College leaders like Obama plan, but think it’s uphill political battle
WATERTOWN, S.D. -- When the president of the United States speaks, people listen. And President Barack Obama has garnered a lot of attention for his proposal to make the first two years of community or technical college free across the country. ...
WATERTOWN, S.D. - When the president of the United States speaks, people listen.
And President Barack Obama has garnered a lot of attention for his proposal to make the first two years of community or technical college free across the country. He pitched his plan again during his speech to the graduating class of Lake Area Technical Institute and their guests on Friday in Watertown.
“In just two years, schools like this can change lives,” Obama said. “Change careers. Grow our economy. It can change our country. All of us are better off if our businesses have access to the best trained workers in the world.”
That said, the plan’s cost -- an estimated $60 billion over 10 years -- is what has some college administrators, despite support for the effort, concerned about the likelihood of it happening, due to the cost.
“Let’s put it this way: I don’t think it’s very likely,” Mitchell (S.D.) Technical Institute President Greg Von Wald said earlier this week.
On Friday, Obama said the federal government needs to be more committed to funding community colleges and technical schools, comparing it to the changes to make the G.I. Bill and four years of high school standard. He would like to make at least two years of post-secondary education as common as finishing high school.
“I think the country should return the favor,” he said. “We should invest in people like you. Our budgets should reflect that we care about you.”
“As a country, we can’t afford to let any striving American to be priced out of the education they need to get ahead,” he said. “We need to make two years of community college as free and universal as high school is today. It’s the right thing to do.”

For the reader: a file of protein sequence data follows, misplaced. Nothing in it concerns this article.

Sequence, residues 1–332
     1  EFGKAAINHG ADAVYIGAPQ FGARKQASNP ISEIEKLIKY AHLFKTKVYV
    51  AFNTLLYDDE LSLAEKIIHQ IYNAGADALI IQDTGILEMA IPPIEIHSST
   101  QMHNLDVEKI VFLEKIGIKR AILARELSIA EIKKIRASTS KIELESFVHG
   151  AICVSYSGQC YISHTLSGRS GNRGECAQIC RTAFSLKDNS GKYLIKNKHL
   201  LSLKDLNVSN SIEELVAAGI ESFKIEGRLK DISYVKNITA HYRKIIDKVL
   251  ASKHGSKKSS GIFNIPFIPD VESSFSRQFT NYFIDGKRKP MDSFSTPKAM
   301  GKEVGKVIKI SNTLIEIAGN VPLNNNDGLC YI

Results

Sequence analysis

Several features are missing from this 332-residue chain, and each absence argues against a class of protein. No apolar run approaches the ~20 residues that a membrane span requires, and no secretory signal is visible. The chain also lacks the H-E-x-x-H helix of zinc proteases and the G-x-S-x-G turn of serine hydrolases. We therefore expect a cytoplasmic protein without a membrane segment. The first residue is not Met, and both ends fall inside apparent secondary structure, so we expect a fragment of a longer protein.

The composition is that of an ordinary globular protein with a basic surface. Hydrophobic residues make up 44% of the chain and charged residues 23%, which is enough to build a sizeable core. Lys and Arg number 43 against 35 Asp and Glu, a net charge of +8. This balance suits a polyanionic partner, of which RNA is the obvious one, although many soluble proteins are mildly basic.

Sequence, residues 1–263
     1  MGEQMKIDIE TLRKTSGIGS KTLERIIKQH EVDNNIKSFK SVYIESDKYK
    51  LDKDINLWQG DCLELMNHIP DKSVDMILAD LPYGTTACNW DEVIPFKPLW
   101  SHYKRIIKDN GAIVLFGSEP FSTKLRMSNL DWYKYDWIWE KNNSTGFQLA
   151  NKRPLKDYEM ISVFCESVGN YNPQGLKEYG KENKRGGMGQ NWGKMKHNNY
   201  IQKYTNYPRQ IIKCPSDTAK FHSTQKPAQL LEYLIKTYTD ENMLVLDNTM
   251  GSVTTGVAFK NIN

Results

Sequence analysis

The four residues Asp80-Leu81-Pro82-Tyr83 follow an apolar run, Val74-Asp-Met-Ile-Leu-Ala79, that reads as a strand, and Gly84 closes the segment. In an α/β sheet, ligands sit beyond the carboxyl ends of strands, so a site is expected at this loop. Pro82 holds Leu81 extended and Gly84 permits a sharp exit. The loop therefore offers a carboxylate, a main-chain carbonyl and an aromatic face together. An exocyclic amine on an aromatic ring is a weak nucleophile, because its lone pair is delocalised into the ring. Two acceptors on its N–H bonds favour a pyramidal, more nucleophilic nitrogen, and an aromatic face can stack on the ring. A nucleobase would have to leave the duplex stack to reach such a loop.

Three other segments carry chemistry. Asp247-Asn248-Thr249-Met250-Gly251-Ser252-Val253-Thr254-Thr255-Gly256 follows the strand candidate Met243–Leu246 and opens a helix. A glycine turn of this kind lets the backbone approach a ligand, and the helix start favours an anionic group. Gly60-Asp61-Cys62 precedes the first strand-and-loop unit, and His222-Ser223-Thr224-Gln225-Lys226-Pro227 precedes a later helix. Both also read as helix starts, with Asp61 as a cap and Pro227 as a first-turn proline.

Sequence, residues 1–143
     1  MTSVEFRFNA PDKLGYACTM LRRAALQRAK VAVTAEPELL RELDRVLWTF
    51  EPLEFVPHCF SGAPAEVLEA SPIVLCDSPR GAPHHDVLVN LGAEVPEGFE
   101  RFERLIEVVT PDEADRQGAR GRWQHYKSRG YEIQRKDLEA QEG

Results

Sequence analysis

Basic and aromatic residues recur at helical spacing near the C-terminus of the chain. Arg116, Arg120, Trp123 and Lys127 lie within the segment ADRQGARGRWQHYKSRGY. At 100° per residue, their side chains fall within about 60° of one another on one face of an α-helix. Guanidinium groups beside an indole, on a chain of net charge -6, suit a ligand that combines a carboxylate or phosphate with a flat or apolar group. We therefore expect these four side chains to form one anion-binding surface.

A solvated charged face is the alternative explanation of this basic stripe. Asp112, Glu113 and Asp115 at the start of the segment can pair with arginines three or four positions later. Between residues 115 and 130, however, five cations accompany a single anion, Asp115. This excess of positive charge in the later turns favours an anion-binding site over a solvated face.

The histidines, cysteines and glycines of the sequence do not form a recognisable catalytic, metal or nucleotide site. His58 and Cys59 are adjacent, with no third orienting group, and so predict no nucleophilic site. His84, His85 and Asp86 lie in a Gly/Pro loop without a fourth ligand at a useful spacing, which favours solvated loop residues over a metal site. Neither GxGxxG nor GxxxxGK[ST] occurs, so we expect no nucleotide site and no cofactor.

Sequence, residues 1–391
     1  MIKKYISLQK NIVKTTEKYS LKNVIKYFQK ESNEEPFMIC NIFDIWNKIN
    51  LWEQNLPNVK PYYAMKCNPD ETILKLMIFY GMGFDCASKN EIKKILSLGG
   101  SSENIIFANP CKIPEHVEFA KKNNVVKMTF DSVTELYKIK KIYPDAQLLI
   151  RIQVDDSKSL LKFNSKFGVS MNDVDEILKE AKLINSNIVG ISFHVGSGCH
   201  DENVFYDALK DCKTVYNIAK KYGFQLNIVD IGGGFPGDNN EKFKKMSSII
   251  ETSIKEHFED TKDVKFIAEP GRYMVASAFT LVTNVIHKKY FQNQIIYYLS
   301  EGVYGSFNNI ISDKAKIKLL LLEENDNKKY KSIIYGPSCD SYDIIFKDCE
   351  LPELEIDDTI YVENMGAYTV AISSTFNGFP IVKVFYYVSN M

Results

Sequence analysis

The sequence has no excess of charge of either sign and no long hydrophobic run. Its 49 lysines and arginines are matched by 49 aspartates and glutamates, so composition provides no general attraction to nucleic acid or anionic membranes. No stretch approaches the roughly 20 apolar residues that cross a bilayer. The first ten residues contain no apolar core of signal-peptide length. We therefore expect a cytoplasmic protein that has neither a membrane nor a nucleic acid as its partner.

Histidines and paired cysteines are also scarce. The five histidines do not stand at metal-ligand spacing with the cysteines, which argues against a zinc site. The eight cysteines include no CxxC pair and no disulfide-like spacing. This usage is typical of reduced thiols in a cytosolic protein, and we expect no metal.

The college plan would waive tuition costs for students attending community college if they are attending at least half-time, maintaining a 2.5 grade point average or better and making progress for a degree. The White House estimates the plan would help 9 million students on an annual basis, if enacted and all states participated.
Von Wald said he supports the president’s plan and thinks it would give the world of two-year schools a big boost.
“He’s correct that it should be done,” Von Wald said. “It would help build our workforce and it would certainly raise the bar and the expectations for what we do here.”
But he said the cost would likely turn off many politicians. The plan also calls for state governments to kick in about 25 percent of the funding, which is another possible holdup.
“Considering the national debt that we have, I think it’s probably going to be a hard sell to get this done,” he said.
Obama alluded to a loophole that could be closed to pay for the free community college plan. The White House has proposed raising taxes on capital gains for the wealthiest 1 percent of Americans -- known as the “trust fund loophole” to make wealthy Americans pay their share on inherited wealth, and also imposing new fees on financial institutions that borrow heavily. The loophole closure mention received only light applause in front of the 4,300 in attendance at the Watertown Civic Arena.
Ahead of his remarks Friday, the president also touted his efforts to help with college affordability in a press release. Those include tax credits for students to cover the cost of tuition, fees and books, increased Pell Grant funding and grant funds for equipment.
Doug Darling, the president at Lake Region State College in Devils Lake, N.D., said the “devil is in the details” with the president’s plan. Darling said it would likely be difficult for each state to fund their share.
“In my opinion, it could be feasible,” he said. “With the limited detail I’ve seen so far, each state must also pick up a portion of the costs. I think it will be very difficult to get all states to agree to fund their share.”
He said some larger four-year schools aren’t keen on the plan because it could draw students away from them.
“Many universities look at the plan as a threat to their enrollment numbers,” Darling said. “We proposed having North Dakota freeze tuition at community colleges for two years and our legislature wasn’t interested in even funding that.”
Obama said the efforts of two-year college students in South Dakota represent the pioneering spirit that settled South Dakota.
“The road to freedom begins in the classroom,” he told the graduates.